For years people with fibromyalgia who are unable to continue working at a full-time job have struggled and worried about whether they would qualify for Social Security Disability. Finally, last week the Social Security Administration issued a ruling providing guidance on how they develop evidence to establish that a person has a medically determinable impairment (MDI) of fibromyalgia, and how they evaluate fibromyalgia in disability claims and continuing disability reviews under titles II and XVI of the Social Security Act. This ruling went into effect on July 25, 2012.
For a complete copy of the ruling, including footnotes, references and a tender point diagram, see Social Security Ruling, SSR 12-2p; Titles II and XVI: Evaluation of Fibromyalgia in the Federal Register. Following is a copy of the core elements of the ruling that I think would be of most interest to people with fibromyalgia.
Fibromyalgia is a complex medical condition characterized p...
My shoulder hurts...is it osteoarthritis?
Osteoarthritis is a very common problem. Most people know someone who is dealing with arthritis of at least one joint. Spine, hips, knees, and hands are the most common places for osteoarthritis to cause symptoms. However, any joint can be affected and a common question I hear when a patient presents with shoulder pain is: Do I have arthritis?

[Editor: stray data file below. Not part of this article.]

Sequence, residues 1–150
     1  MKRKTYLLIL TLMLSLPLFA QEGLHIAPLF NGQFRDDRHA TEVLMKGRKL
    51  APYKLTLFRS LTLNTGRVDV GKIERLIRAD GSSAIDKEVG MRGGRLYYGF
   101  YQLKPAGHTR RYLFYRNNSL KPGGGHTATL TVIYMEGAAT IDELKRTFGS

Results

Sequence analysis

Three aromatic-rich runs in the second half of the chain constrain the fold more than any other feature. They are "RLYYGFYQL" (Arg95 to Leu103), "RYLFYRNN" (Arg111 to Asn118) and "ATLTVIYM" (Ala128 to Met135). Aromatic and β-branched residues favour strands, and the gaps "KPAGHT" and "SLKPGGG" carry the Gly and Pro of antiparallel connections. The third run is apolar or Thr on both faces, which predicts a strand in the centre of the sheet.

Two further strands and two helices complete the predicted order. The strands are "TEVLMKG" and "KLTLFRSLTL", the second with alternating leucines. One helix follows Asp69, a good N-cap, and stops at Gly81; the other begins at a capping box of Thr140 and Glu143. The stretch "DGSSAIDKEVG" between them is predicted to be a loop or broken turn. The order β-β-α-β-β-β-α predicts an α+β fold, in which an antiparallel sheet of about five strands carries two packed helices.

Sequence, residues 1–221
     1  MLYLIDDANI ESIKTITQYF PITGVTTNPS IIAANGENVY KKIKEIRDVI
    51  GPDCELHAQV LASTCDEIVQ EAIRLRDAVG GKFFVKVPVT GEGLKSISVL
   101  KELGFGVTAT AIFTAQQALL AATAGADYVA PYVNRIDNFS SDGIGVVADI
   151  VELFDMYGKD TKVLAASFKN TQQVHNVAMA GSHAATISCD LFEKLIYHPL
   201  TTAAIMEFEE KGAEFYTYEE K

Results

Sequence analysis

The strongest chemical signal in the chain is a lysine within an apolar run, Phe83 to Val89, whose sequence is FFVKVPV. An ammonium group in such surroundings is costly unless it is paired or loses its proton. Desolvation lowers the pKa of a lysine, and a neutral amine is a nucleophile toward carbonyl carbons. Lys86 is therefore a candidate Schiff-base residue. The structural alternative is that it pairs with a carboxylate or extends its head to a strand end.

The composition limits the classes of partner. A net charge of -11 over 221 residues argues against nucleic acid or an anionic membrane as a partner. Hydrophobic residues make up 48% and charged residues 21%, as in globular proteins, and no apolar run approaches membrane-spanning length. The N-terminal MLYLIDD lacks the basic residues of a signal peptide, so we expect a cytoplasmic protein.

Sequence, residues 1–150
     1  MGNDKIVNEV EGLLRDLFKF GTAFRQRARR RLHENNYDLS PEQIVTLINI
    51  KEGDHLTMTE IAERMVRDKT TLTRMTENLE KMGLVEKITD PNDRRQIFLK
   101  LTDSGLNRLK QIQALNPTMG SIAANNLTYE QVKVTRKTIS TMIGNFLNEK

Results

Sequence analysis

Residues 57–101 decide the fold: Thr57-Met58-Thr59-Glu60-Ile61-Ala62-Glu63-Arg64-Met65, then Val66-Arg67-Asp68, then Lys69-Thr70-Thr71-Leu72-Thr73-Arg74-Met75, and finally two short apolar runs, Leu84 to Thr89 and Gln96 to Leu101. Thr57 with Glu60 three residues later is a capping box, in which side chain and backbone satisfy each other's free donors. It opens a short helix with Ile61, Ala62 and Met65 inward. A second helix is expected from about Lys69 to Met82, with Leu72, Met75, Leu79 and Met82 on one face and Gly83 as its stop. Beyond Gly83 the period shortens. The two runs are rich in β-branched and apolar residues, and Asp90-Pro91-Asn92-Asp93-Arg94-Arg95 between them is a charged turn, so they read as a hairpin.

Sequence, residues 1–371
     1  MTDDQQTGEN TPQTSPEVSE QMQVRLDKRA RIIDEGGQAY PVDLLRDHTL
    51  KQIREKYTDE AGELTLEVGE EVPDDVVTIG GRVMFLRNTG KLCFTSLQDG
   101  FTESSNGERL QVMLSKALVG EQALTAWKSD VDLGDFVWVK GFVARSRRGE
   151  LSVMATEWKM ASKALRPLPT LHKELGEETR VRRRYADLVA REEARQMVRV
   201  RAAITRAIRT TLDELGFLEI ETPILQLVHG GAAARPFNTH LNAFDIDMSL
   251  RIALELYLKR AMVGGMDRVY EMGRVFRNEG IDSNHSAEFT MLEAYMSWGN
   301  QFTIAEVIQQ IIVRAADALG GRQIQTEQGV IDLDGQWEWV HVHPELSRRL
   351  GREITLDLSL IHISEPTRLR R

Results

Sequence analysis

First, a bit of anatomy -- the shoulder is composed of two separate joints:
(1) the acromioclavicular joint where the collarbone meets the shoulder bone (2) the glenohumeral joint where the ball of the humerus articulates with the shoulder blade (scapula). Both joints can be affected by osteoarthritis. It is relatively uncommon for osteoarthritis to develop in the glenohumeral joint without a history of trauma or previous injury. We'll discuss that in a minute. First, let's review the acromioclavicular joint.
Causes of Shoulder Pain Besides Arthritis The glenohumeral joint is the most mobile j...
Diagnosis There is no obvious, objective method (such as laboratory or imaging tests) for diagnosing fibromyalgia. The criteria used to study fibromyalgia are very helpful, particularly if the patient does not have another disorder, such as depression or arthritis, which could complicate the diagnosis. Failure to meet the criteria, however, does not rule out fibromyalgia. Fibromyalgia should be suspected in any person who has muscle and joint pain with no identifiable cause. Because many patients do not meet the current fibromyalgia criteria, the American College of Rheumatology (ACR) has proposed a new set of diagnostic criteria that take into consideration symptoms such as fatigue, sleep disturbance, and cognitive problems, in addition to pain. Criteria for Classifying Fibromyalgia In 1990, the ACR set the following criteria for classifying fibromyalgia: A. Widespread pain must be present for at least 3 months. This pain must appear in all of the following locations: Both sides of the bod...
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